View Full Version : Wodd and Timber Knowledge

03-20-2006, 01:39 PM

I have become increasing interested in wood working in a variety of ways. I've been turning wood lately on a lathe and it has been a lot of fun.

Does anyone out there have any recommendations for books to try and learn how to judge timber and trees for woodworking purposes?? I'd like to be able to look at a tree and determine if it will be worthwhile to harvest and use for my evil purposes.

It would be nice if the book focused on timber and species of the greater NW, but any starting point would be better than where I already am.

Ed T
03-20-2006, 01:43 PM

My Dad did lots of lathe turnings. One of his favorites was mountain juniper. I have some nice cured pieces that I would be glad to give you if you ever get to Helena.

Ed T

03-20-2006, 06:24 PM

Quite a few years back, I owned a cabinet shop and developed an interest in working local woods. Of all the west coast BC woods, my favorite was Pacific Yew. It's grows slowly, usually at a fairly high elevation, and thus has a very dense grain pattern. It's not easy to find logs with good clear sections, but when you do, you have a superb wood.

Hard to work, and very picky about grain direction with cutting tools, but a stunningly beautiful wood if finished with a natural finish or clear laquer. It's often left by loggers because it has no commercial value, and because it sinks when put in log booms. We used to mill it on site with an Alaskan Mill. Lots of work packing out those 200 pound boards :-)


03-20-2006, 06:49 PM

Try these guys out at the FS:

USDA Forest Service
Missoula Technology and Development Center
Building 1, Fort Missoula
Missoula, MT. 59804

They have a bunch of manuals on many things logging and trees and most are free.


03-20-2006, 07:10 PM
Will Malloff- Chainsaw Lumbermaking
John Alexander-Make a Chair from a Tree
Hoadley-The Wood Book

My favorite of my three-

03-21-2006, 03:09 AM
I've had an interst in woodworking since I was a teenager. The most enjoyable wuld be wildlife woodcarving. I mainly use basswood, so not much help in wood knowledge but its another avenue you might consider. I'm in the process of finishing an elk bust and a trout. It gives a great sense of satisfaction when you have a finished piece. I've also dabbled in intarsia. Made a piece that is 3' wide 2' tall of a bugling elk. Everyone that sees it thinks its awesome. I might be able to post some pics if you would be interested.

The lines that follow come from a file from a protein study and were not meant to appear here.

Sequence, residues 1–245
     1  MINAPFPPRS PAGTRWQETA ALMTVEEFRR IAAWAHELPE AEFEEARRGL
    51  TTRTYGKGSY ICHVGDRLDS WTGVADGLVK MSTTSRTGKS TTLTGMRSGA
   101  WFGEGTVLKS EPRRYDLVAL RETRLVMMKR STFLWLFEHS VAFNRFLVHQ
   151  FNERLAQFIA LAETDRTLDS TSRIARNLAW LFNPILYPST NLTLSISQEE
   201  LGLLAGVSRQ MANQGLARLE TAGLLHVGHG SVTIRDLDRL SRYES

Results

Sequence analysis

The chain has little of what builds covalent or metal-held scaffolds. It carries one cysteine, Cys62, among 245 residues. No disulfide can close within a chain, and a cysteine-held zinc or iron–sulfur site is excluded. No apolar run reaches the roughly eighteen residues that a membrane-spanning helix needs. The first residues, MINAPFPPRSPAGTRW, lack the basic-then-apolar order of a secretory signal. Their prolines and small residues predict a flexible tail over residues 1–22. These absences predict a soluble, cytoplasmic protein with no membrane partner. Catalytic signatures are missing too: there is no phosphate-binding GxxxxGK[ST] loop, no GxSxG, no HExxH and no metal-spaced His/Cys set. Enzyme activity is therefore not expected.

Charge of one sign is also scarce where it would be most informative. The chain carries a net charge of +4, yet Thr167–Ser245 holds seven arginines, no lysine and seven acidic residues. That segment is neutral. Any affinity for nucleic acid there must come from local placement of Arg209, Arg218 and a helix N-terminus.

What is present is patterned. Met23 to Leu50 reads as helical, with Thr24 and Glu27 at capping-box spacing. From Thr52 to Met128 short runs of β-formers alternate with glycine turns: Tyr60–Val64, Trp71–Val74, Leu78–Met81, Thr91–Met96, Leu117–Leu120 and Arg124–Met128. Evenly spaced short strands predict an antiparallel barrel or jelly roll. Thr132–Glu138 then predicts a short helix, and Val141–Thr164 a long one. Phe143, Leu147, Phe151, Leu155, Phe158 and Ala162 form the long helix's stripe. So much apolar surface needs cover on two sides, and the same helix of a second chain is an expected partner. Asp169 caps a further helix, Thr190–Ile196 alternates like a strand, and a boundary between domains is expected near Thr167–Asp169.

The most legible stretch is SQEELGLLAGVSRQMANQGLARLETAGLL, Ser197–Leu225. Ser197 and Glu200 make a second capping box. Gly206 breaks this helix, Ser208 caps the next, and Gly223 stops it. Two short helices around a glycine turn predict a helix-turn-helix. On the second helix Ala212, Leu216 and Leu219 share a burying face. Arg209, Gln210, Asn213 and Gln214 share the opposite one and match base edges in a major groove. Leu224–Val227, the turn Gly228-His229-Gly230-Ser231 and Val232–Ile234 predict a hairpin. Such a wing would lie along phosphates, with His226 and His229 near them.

03-21-2006, 06:27 AM
Looks like we've got some craftsmen lurking on the board! Not too surpirsing though.

Thanks for the feedback! I will pursue the books listed above, and hopefully start to do some real learning.


Is that your lathe?? Looks pretty sweet! Turning has been a ton of fun. Learning how to sharpen the tools has been my biggest challenge up to this point. I picked up a Wolverine Jig system and it has worked nicely.

I've been messing with birch and larch mostly, but would like to get out and take advantage of this species rich area and start turning some new types of wood.

Do you all recommend any wood working or turning websites to gain knowledge?? It would be nice if there was a turning equivalent to the Kifaru board out there.

03-21-2006, 09:59 AM
Shawn- I don't do the craft thing but do collect wood for my father to carve. I have had good results with Alder, Redwood, Cedar, Walnut, Oak and Maple. One thing to remember cut pieces 2 times as long as needed, seal the ends (wax works best but will break off if handled roughly) and dry at least a year, 2 is better. This prevents the cracking damage you see in firewood etc.. My father likes Redwood best but since he hand carves and is getting old I can see why he stays away from hardwoods now, shouldn't be a problem for you. Have fun.

07-04-2006, 06:57 PM
This is my latest finished project.




07-05-2006, 04:09 PM
Nice work. Looks great. How big is it?

07-05-2006, 08:53 PM
Its Approximately 12" tall from bottom of the base to tips of the antlers. 12" wide side view. And 12" wide front view.

07-05-2006, 09:08 PM
Very nice work, Hoogster.